“Yesterday, December 7th, 1941, a date that will live in infamy…”
So began the address to the Joint Houses of Congress by President Franklin D. Roosevelt as he discussed the sneak attack by the Imperial Forces of the Empire of Japan on the Pearl Harbor Naval Base in Hawaii. That act brought the United States into war with the Japanese Empire that would last until August of 1945.
It has been eighty years since the events of the early Sunday morning unfolded. There are very few of the heroes of that attack still living as those involved would be in their late 80’s or 90’s. A local resident of Oakhurst, Henry “Hank” Stavast was stationed on the USS Tennessee that fateful day and he was rather reticent to talk about the horrors of that attack.
Thirty years ago, I was able to convince Hank to share with my students about the battle and this man was so captivating about that day that the students made not a sound during his presentation. He shared about his hearing bullets fly near him, about the explosions of the bombs and the torpedoes and the massive shaking that took place when the USS Arizona exploded. He shared about seeing his buddies killed and that he had to continue his assigned task to fight against the aircraft overhead.
I referred to him as a hero and he snapped back that he wasn’t a hero but that the guys who died that day were the real heroes. We presented Hank with a flag that had been flown over the Arizona on July 4th of that year in his honor.
Pearl Harbor and 9/11
I grew up in a home of a veteran of that war and my mother was a devotee of FDR. I heard a great deal about The Day of Infamy and my first real recollection of that holiday was that there was a 20th anniversary celebration at the Arizona Memorial broadcast from Hawaii which was quite a feat in 1961. Mother had many tears and dad was very somber. As a 9-year-old you don’t understand those emotions. In fact, I never understood my folk’s emotions about that day until September 11, 2001. That day brings about the emotions for me that December 7th brought about for mom and dad.
A few years ago, I travelled to Oahu, Hawaii and made sure to visit the Arizona Memorial. I was fortunate that day because the last living Battleship Bugler made it his practice once a month to go out on the last Sunday of the month and he would play two versions of Taps. The first he played was for the Japanese who had died in that battle and then he played the version we know for the American’s Veterans lost that day. There wasn’t a dry eye on the Memorial at the conclusion of his performance. He died within a year of that day.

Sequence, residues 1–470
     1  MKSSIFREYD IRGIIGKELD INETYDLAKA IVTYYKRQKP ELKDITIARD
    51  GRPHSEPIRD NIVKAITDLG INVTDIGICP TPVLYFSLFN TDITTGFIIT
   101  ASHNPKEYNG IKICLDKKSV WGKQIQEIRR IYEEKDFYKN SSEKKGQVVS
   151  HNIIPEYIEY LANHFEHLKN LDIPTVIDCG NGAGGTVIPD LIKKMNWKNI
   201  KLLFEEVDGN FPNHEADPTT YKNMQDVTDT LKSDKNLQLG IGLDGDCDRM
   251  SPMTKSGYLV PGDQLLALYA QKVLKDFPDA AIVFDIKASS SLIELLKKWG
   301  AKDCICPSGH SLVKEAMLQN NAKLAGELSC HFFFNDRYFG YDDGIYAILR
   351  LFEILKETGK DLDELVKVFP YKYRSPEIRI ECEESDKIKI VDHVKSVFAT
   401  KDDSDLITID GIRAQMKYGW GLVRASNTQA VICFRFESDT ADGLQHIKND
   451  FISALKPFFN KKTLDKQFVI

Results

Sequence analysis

Service Will Never be Forgotten
When you are on the Arizona Memorial you can see the remnants of her hull and the oil from her tanks still seeps to the surface on the water. The white marble walls hold the names of those entombed below your feet some having never even gotten out of bed that morning. They are dead but their memory and their service will never be forgotten by freedom loving people everywhere.
This week we will have an opportunity to offer a prayer of remembrance to those who served at Pearl Harbor that day and a special prayer for the 2,403 men who gave the “Last Full Measure of Devotion”.
May they all Rest in Peace.
About the Author
Bill Atwood is retired educator with a doctorate in public administration from the University of Southern California. He resides in Madera County and serves as a trustee with the Bass Lake School District.